• When you talk to others or do work, purposely demonstrate interest and enthusiasm. Do not flop into chairs, lean on every surface, slump through the day and/or have a droopy face that looks exhausted, miserable, bitter, sulky or unwelcoming.
  • Avoid frustrating and irritating those around you by going to the other extreme with your bombastic style or your unfocused passion for life or work. Often the person who is bouncing off the walls with his or her specific passion appears to be motivated by ego. If you find you are being resented and resisted, ask someone you trust to tell you if your high energy manner is hurting you, rather than reflecting your spirit positively.

Keep your mind and spirit simmering all the time–and ready for a controlled boil when the heat is on!

June 20th, 2008 Posted by | Life and Work, Personal and Professional Development | 7 comments


  1. Excellent thoughts, Tina, as always. I haven’t commented for awhile but I continue to read regularly and always find inspiration and insight, as you promise. This article is one that I can send to parishioners, with a note about how it applies to our faith. Don

    Comment by Don Roberson | June 20, 2008

  2. Thanks Don, for your comment. I’ve missed hearing from you!

    Please keep in touch. Tina

    Comment by Tina | June 20, 2008

  3. Do you have any advice for how to get people to put a lid on it, without making them mad or hurting their feelings? S.B.

    Comment by SandyRKO | June 20, 2008

  4. Hi Sandy! I’ve sent you an email, but will save the response here until later, when I do it as an article. Thanks for the question! T.

    Comment by Tina | June 20, 2008

  5. I’ve looked at dozens of people at work since I read this, and can report that many of them seem either to be cold, lukewarm or boiling over. The interesting thing is that the most accomplished people were obviously simmering. I could almost see it, when I looked for the signs you mentioned.

    At lunch I watched how people got up from the table in the break room and the differences were astonishing between the cold and lukewarm types and the simmering types. I am going to monitor myself to make sure I don’t do some of those downer things you mentioned.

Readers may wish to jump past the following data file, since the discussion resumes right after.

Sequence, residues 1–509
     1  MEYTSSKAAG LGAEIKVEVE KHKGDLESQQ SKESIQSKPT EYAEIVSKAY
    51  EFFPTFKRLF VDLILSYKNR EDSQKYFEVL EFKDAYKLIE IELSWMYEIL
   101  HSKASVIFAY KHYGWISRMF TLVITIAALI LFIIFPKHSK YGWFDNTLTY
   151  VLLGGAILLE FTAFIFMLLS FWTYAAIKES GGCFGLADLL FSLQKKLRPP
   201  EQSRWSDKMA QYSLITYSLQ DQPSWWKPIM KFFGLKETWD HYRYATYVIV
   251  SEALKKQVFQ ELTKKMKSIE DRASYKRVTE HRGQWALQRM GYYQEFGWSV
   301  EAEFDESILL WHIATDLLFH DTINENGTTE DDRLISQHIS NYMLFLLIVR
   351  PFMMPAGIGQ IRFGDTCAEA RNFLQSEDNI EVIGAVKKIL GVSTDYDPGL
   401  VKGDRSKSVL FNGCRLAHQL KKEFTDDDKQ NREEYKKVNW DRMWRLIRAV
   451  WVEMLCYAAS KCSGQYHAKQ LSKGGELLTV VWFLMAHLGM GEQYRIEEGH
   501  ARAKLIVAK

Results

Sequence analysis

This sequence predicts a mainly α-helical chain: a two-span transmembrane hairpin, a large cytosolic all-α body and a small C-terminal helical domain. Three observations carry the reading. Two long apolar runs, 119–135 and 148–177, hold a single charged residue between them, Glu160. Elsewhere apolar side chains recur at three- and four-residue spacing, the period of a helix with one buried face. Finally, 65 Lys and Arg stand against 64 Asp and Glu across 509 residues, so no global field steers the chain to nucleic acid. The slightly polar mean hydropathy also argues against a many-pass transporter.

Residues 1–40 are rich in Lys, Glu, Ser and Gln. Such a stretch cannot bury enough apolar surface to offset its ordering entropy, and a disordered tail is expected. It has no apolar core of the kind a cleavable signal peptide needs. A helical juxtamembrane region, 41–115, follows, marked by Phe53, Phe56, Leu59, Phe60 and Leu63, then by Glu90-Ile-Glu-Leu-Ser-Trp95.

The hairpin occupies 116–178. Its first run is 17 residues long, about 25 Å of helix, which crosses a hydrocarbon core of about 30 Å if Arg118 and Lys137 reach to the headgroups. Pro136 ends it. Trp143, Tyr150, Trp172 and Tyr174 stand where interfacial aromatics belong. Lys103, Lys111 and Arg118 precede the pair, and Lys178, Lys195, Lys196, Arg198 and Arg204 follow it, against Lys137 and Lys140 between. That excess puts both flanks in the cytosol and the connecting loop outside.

All the best! CR

    Comment by C.Ritter | June 23, 2008

  6. Some people are just not upbeat by nature, so they aren’t going to look like they have a lot of energy, even if they are happy. We make too many judgments about people based on how they look and act, rather than what they have inside them and that is a lot more important to my way of thinking. I would lots rather work with someone who groans or complains now and then but is a good worker than someone who is all upbeat but doesn’t do a good job.

    Comment by Anonymous | June 23, 2008

  7. Dear Anonymous, thank you for your comment! I wrote the part about negative actions because my experience, and the things I hear hundreds of others say, makes me think we are more affected by how people act, than how they feel. We do not know how they feel, but we certainly know how they affect us.

    Someone may not feel as unhappy as they act, or as angry as they act, or even as happy as they act, but the result for us is the same as if they DO feel that way. That is the source of the thought that we judge ourselves by our intentions but others judge us by our actions.

    I heartily agree with you that being upbeat doesn’t make up for not doing well at work. But, I don’t think we have to choose between acting positive and doing good work. And, when you think of how upsetting it is for everyone else when someone acts miserable at work, it reminds us that the complete picture of good work includes positive actions.

    I sent you an email with some further thoughts, and hope you will feel free to respond if you wish and have the time. Thank you for reading and commenting. I appreciate your thoughts and your willingness to share them. Please keep reading and commenting! Tina

    Comment by Tina | June 23, 2008